Roy's Blog

May 29, 2017

7 words of advice for the first time leader

You have always reported to another manager or leader. Your “life” up to now has always been doing stuff; delivering what your job description dictated and your boss demanded.

Suddenly you find that your life has changed. You have competed and won the contest to assume a leadership position.

It may be a promotion or it may not be; what’s important, however, is that the existence you have known in the organization is gone forever.

My advice to you is..

1. Don’t assume that what got you here will serve you well going forward. Proficiency in your past endeavours foreshadows very little in terms of what you will achieve going forward.

Past success is simply that - the past. Leave it there and learn what it takes to achieve today and tomorrow.

2. Ask yourself “The Magic Question” to let go of the past and focus on the things you must do to be successful in your new position.
It’s a simple question: “Now that I am in this new position, what do I have to do differently?” Being a member of a team is not very helpful in telling you what you need to do when you are a team leader.

First time leader

3. NEVER forget your roots. You are leaving a history where executing direction supplied from “on the people upstairs” played a critical role in what you were responsible for and probably consumed over 90% of your time.
As a leader, your performance will continue to be judged by what you get done, not what you plan to do - remarkable leaders execute brilliantly.

4. Find a mentor IMMEDIATELY! Yes you can figure some of it out on your own, but to increase your chances of success ask someone who has been there and done it.
When you walk through a new door, best have someone on the other side who can show you the way. And DON’T look for someone who is a friend or colleague; they are of little use to you because they are part of your past. Search for someone who you think can play a role in helping you discover your future.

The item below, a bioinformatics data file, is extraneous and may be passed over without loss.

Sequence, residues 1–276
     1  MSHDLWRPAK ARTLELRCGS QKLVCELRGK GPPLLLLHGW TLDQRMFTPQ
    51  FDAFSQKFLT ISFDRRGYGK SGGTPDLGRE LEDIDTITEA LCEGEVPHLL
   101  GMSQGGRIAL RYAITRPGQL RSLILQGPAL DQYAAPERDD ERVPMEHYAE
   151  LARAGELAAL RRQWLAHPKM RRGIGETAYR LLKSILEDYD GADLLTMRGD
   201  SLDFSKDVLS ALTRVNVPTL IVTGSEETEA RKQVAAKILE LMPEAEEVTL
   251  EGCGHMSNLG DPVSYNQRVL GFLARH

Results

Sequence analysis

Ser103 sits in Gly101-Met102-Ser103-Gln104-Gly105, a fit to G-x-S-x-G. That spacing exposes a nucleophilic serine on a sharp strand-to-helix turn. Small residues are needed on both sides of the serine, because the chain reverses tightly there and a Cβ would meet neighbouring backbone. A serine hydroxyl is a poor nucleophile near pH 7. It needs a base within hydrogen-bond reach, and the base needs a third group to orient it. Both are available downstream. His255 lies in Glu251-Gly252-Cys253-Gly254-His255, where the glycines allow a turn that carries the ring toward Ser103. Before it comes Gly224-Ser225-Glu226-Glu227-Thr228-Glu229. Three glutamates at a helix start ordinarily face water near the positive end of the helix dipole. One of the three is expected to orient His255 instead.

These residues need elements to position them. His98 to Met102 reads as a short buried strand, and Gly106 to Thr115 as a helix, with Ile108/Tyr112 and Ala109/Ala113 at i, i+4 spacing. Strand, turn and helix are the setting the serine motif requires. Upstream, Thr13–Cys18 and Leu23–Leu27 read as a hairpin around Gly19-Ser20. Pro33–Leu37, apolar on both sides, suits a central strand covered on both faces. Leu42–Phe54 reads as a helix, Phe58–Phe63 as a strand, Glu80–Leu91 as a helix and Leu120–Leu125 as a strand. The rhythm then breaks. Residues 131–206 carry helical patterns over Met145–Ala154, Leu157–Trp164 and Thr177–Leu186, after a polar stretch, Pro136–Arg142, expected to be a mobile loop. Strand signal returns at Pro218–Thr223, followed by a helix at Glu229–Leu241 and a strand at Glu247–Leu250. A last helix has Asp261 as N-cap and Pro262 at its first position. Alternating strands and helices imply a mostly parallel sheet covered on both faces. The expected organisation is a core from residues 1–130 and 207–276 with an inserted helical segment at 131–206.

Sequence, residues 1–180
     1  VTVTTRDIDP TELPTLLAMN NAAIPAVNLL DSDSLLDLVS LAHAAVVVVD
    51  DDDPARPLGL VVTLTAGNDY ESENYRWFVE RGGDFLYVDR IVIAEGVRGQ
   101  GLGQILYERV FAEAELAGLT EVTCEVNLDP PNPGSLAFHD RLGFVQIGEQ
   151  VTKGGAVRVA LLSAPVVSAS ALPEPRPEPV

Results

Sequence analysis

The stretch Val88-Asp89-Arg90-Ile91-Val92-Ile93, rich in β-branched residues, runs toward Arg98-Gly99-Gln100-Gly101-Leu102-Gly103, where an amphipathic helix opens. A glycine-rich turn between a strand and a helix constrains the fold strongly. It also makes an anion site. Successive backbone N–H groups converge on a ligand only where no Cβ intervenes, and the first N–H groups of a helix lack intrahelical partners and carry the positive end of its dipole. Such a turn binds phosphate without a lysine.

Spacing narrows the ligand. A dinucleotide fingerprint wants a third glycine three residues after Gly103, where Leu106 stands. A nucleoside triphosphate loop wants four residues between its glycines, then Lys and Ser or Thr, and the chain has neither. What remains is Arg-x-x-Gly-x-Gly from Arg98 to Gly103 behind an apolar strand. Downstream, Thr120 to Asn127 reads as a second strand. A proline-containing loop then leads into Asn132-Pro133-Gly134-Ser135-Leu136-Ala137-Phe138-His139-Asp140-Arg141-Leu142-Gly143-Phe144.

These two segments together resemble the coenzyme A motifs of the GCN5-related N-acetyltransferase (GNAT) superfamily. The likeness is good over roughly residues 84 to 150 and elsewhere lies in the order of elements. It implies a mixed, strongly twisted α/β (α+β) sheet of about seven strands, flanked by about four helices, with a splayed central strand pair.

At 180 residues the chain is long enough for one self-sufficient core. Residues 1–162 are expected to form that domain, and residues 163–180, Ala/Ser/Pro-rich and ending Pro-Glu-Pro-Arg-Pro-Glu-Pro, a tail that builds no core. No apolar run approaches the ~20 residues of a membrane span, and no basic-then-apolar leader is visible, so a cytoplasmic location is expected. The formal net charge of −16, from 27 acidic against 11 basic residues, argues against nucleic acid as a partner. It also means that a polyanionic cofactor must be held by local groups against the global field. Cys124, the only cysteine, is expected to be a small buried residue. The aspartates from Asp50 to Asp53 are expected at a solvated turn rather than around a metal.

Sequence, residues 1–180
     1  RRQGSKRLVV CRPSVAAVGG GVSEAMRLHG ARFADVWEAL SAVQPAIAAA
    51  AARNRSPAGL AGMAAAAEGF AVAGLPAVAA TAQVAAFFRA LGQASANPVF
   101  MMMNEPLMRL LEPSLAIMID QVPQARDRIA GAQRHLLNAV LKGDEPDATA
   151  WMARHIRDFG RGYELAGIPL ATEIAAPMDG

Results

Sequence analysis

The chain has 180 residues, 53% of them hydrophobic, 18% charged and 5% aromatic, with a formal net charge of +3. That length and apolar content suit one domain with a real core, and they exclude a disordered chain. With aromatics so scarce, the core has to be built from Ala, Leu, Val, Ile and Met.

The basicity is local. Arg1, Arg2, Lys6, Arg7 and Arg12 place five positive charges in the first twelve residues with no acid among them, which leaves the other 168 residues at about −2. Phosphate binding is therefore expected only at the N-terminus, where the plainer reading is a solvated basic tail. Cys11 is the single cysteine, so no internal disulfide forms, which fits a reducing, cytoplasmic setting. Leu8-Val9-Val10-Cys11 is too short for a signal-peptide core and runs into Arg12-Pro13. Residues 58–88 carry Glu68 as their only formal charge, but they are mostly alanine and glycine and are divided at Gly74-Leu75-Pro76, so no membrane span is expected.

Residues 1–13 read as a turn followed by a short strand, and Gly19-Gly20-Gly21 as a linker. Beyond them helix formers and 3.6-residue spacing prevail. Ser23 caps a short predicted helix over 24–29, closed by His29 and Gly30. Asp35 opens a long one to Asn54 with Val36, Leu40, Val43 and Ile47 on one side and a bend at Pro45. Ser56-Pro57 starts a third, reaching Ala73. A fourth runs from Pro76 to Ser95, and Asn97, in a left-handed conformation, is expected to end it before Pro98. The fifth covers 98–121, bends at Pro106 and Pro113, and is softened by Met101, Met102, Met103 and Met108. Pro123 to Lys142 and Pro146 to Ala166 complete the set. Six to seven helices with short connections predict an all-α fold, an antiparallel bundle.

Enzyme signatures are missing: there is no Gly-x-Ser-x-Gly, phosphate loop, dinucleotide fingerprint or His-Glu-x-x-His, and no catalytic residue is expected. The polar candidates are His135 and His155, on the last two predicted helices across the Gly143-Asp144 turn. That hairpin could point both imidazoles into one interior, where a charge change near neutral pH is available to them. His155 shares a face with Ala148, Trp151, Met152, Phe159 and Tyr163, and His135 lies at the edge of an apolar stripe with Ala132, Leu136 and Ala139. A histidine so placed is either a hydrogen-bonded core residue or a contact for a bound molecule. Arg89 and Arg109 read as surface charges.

5. Spend your first 100 days learning the issues of your team. Ask them “If you were me, what single action would you take to make it easier to get the job done?” Don’t accept a grocery list of items; make them think about priorities since you won’t be able to do everything.
You want to boil it down to the critical few things that concern most people in your organization.

Learning team issues

6. “Get intimate” with the strategic game plan of the organization. Learn it at the most granular level you can; translate it to what it means for your team. What EXACTLY does your team have to do in order to “serve” the strategy? The connection between what the strategy says and what your team members do MUST be clear and direct.

7. Ask your “internal customer” how your team is performing; use their input along with your team members to decide what to focus on to improve.
This builds your currency with your internal network and will prove invaluable in getting stuff done as you move forward.

The tipping point in everyone’s career is caused by motion; moving from one position to another.

Make sure you do the right NEW thing.

Let go of what defined you in the past; discover what will define you tomorrow.


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  • Posted 5.29.17 at 05:49 am by Roy Osing
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